Naima Morelli

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Bureaucracy

CoBo has just published my new piece titled “5  Singaporean artists working with the theme of Bureaucracy”. Researching the Singaporean art system and the artists’ practice, I noticed the emergence of this set of preoccupations with organisation, repetition, boredom, archiving, censorship, procedures, rules – which definitely dismantles the romantic idea of the artist as we conceived it. Bureaucracy is so pervasive in society such as the Singaporean one, that becomes not only a conditio sine qua non for art to be happening, but also a subject in itself to reflect on.  This article features artists Jack Tan, Terry Wee, Zihan Loo, Lim Tzay-Chuen and Lai Yu Tong.

Here is the link to the piece

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epic arts

Third collaboration with the magazine Art Republik, which has just published my article on Epic Arts Cambodia. This is an outstanding art space in Kampot empowering disabled individuals through art. For this piece I spoke with Epic Arts co-director Sokny Onn.

Here is the link to the pdf version of the article

Here is the link to Art Republik’s website

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audrey_yeo

CoBo has just published my interview with gallerist Audrey Yeo, director of Yeo Workshop in Singapore. I realized the interview a few months ago and it was greatly inspiring to talk with such an important igniter of the Singaporean art scene.

Here is the link to the interview

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artbars

Art bars and restaurants come in all shapes and sizes; you can go from contemplating art integrated with the café design, to walking into a conceptual artwork. For CoBo Social I looked at some of the most interesting bars and restaurant around the world founded and operated by artists.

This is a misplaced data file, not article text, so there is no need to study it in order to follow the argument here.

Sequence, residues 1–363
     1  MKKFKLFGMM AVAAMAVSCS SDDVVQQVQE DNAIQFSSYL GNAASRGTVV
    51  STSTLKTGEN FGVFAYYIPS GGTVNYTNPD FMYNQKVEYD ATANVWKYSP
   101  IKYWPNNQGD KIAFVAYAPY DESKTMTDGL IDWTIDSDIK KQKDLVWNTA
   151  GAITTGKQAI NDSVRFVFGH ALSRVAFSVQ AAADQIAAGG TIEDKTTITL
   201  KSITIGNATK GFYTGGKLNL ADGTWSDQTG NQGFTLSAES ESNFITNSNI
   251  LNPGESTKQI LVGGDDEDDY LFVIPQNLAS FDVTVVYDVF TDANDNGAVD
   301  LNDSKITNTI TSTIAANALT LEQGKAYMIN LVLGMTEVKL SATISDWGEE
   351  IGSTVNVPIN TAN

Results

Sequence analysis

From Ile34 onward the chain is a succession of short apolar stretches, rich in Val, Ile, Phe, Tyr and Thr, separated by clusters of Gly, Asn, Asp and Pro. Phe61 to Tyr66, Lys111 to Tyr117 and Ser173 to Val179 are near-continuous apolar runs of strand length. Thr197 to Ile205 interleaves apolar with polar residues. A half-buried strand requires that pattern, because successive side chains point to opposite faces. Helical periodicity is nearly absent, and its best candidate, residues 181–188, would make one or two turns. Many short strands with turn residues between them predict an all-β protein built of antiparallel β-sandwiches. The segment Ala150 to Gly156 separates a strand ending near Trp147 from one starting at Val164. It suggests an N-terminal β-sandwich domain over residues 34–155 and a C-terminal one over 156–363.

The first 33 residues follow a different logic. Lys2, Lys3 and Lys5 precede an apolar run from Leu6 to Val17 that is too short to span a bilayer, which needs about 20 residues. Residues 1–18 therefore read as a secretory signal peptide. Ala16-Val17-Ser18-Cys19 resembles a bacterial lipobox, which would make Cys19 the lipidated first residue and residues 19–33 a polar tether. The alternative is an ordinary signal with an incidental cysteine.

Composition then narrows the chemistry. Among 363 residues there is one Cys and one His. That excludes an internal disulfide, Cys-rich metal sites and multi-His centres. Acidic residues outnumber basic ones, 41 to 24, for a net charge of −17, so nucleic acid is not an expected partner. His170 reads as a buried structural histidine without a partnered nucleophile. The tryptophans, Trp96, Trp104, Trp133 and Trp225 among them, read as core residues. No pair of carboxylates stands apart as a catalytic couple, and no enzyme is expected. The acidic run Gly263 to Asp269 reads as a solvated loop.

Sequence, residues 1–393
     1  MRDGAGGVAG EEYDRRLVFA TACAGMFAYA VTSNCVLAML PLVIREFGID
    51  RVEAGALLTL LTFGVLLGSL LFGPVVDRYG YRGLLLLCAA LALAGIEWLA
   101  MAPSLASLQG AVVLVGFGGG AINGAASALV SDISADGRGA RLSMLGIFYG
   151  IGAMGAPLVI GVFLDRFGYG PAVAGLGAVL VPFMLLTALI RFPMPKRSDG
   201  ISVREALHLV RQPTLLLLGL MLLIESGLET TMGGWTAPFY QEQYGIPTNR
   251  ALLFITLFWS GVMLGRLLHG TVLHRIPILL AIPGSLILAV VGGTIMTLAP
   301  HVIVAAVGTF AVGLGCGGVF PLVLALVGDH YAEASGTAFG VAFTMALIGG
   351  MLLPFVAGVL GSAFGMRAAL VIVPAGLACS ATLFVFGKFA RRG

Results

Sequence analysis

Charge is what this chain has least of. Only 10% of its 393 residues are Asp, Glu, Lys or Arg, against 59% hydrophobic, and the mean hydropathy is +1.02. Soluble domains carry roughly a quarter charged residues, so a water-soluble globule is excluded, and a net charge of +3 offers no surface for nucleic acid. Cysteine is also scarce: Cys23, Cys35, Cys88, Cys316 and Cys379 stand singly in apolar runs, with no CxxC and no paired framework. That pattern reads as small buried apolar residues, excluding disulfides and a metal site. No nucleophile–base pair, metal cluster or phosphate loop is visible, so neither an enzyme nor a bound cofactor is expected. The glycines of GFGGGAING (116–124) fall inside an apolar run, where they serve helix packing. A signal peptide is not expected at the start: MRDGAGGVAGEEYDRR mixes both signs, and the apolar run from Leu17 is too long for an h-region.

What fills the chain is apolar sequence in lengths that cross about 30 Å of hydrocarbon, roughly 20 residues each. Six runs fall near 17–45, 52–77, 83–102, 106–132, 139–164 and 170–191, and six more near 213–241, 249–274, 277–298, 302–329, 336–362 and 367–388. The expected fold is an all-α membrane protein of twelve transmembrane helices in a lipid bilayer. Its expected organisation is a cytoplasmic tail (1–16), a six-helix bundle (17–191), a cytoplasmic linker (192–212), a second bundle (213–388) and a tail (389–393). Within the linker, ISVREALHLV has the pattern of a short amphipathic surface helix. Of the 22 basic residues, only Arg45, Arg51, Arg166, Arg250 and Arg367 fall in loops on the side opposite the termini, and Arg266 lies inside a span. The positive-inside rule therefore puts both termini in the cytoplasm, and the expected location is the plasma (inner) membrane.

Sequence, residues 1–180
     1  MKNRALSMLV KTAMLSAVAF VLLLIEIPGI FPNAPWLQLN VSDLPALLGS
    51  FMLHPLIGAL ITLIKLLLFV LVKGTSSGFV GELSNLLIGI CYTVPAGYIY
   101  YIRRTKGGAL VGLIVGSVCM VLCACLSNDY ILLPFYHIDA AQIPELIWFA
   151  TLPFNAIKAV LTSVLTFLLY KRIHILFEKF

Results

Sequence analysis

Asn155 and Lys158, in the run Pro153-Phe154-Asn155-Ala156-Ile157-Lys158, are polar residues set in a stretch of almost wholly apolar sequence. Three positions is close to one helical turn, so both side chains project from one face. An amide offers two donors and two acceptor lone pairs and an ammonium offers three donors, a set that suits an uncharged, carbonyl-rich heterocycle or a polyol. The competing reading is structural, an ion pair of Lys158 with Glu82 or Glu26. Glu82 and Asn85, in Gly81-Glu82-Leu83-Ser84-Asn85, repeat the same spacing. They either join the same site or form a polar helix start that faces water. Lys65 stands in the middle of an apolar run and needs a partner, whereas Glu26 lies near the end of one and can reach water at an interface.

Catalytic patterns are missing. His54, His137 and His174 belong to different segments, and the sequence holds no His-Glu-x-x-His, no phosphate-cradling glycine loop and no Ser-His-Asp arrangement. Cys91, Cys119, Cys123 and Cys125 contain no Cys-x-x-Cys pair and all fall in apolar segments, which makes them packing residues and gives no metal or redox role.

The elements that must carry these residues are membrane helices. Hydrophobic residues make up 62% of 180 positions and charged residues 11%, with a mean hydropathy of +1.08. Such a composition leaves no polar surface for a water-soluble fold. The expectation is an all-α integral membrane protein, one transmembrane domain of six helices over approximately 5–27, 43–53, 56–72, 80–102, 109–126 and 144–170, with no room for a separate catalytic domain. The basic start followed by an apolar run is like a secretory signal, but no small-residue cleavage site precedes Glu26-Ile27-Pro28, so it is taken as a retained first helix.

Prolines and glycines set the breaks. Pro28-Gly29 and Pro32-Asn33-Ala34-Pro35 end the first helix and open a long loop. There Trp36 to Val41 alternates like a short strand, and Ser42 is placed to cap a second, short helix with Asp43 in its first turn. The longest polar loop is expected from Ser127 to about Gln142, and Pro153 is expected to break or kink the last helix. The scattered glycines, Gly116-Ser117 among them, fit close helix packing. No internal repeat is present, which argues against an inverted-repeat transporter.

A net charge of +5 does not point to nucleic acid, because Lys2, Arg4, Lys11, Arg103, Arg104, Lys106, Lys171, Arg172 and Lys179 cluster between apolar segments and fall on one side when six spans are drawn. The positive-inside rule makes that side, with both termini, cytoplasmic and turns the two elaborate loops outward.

Here’s the link to the piece

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Australiana

D_Railed magazine has just published my new article called  “A New Book On Australian Contemporary Art Foregrounds Questions About Diversity” – the article is based on the polemics about the lack of diversity in the image of Australian art, ensued after the publication of a new book entitled Australiana to Zeitgeist: An A-Z of Australian Contemporary Art (2017). But is Australian contemporary art as white as it seems? And how is it perceived abroad? I address these question in the piece talking with artist Tony Albert, curator Natalie King and Sophia Cai, and of course Melissa Loughnan, the author of the book.

Speaking of books – this is my latest article submitted for July, as I’m devoting August to finish my own book on Singapore Contemporary Art. Since the first of August I have been diving deep into it, getting into a hyper-focused state whether I’m travelling on noisy Neapolitan trains, sitting in quiet Sorrentinian cafès in the garden, in waiting rooms, libraries or at my kitchen table at home. This is an important lesson I have learned from my friend Giovanna – you don’t need to wait the perfect conditions to do the work – just get concentrated, wherever you are. Soon I’ll probably write a post about my new mind state and routine, but for now…

Here is the link to the D_Railed article

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feminismindonesia

My fourth piece for Culture360 – the webmagazine of the Asia-Europe Foundation – has just been published. It’s always a joy to see my words out there, also because I get to write about two of my favourite subjects: feminism and Indonesian contemporary art.

For this piece called “Feminism and women artists in Indonesian Contemporary Art” I have interviewed the amazing researcher Wulan Dirgantoro, art historian Farah Wardani and artist Samantha Tio (Mintio).

Here is the link to the piece

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supernatural2

For the Hong Kong webmagazine and collectors’ platform CoBo I usually write about Indonesian and Singaporean artists, and the dynamics of their art systems. It goes without saying that the two art environments are highly connected. Sometimes an event or a show happens which remixes the way the two art systems interact, and that’s precisely what happened with the Super/Natural show in Yogyakarta, by Gajah Gallery.